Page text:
We study the recent Crimean Crisis and the sequence of outcomes that led to the intervention by the Russian Army, which directly affected equity prices in Russia, to investigate how informed traders may have used their advantage to trade prior to the moment markets fell. We compute the Volume-synchronized Probability of Informed Trading (VPIN) for the Russian RTS equity index and for individual stocks, documenting that levels of informed trading increased considerably between one and three trading days before market prices reflected the invasion. We also investigate the predictive power of the cumulative distribution of VPIN on future stock prices, showing a statistically significant (negative) relation during the period of elevated tensions between Russia and Ukraine. Last, we investigate the levels of VPIN measured for global depositary receipts of Russian firms, documenting a similar increasing pattern prior to the invasion date but generally subsequent to the spikes obtained from the corresponding securities locally traded in Russia. Overall, our results provide additional support for the use of VPIN as a tool for monitoring the likelihood of undesirable geopolitical events.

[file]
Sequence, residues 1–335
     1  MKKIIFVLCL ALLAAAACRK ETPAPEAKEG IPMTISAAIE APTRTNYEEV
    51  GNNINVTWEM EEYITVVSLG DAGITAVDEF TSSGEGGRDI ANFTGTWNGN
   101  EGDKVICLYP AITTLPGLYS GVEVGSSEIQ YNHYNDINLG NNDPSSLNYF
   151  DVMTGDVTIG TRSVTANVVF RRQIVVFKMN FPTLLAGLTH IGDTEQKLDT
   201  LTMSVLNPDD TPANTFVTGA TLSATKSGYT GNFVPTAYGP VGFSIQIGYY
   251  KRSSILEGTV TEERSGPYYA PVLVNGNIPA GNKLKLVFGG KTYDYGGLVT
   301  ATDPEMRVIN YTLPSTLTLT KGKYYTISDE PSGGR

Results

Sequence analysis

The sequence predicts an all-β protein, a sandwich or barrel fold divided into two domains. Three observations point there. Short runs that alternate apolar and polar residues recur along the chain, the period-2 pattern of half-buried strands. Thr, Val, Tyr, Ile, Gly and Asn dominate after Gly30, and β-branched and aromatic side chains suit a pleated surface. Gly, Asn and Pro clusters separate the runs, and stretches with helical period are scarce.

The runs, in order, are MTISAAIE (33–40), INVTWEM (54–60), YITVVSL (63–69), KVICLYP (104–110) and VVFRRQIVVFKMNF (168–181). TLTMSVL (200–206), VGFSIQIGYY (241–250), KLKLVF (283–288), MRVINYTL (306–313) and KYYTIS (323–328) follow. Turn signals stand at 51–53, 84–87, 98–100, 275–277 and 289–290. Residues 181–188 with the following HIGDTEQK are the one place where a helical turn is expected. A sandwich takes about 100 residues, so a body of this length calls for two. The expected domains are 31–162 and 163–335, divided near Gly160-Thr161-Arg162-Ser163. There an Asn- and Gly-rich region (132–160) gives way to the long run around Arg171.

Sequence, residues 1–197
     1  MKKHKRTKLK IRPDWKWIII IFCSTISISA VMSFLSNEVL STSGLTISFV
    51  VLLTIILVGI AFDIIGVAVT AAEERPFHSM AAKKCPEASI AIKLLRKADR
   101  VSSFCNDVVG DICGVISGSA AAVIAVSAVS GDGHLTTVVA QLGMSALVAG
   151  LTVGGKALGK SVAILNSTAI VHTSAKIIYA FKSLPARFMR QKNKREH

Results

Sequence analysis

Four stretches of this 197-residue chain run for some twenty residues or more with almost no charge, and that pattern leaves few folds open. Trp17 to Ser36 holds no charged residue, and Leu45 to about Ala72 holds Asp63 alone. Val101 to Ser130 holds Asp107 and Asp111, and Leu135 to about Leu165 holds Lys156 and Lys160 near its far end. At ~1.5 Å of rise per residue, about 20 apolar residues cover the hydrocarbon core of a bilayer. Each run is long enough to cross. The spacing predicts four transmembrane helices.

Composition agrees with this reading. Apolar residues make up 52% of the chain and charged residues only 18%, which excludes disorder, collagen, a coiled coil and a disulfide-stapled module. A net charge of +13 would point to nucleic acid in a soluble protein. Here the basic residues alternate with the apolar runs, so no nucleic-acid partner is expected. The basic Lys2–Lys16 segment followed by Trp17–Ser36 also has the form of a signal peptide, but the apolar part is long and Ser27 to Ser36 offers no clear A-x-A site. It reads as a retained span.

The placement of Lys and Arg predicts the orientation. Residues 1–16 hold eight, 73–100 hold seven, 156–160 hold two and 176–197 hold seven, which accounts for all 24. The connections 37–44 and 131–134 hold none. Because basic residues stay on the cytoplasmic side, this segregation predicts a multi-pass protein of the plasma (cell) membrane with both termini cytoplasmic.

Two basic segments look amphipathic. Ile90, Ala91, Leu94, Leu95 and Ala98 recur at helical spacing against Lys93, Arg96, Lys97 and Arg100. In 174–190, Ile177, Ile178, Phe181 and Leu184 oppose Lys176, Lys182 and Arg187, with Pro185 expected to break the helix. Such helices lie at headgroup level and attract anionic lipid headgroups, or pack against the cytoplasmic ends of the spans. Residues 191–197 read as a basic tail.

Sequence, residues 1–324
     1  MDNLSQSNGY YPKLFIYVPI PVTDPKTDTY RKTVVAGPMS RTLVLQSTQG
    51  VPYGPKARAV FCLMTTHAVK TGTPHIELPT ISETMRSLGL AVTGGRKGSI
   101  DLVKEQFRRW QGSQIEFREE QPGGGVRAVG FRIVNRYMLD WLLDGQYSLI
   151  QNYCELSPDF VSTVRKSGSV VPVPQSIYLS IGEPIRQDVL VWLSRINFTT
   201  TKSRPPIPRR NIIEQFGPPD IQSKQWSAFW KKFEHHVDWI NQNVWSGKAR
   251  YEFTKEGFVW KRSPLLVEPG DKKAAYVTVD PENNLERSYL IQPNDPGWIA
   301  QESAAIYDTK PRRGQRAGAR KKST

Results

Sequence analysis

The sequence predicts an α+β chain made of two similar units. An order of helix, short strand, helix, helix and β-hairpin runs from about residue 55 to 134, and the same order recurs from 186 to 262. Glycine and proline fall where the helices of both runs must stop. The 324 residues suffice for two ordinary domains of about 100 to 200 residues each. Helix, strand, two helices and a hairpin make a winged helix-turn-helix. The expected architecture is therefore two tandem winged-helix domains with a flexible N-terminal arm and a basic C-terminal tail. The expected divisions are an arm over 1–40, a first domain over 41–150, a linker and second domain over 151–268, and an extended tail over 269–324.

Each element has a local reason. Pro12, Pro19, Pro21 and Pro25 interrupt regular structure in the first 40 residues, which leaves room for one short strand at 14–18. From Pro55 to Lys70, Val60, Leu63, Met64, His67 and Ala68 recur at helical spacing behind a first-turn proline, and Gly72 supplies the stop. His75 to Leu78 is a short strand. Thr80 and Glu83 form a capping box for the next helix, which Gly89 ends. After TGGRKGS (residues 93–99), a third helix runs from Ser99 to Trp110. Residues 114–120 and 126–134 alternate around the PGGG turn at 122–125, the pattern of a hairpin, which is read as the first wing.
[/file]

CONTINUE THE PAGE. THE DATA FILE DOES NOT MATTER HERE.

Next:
Annals of Finance – Springer Journals
Published: Dec 18, 2017
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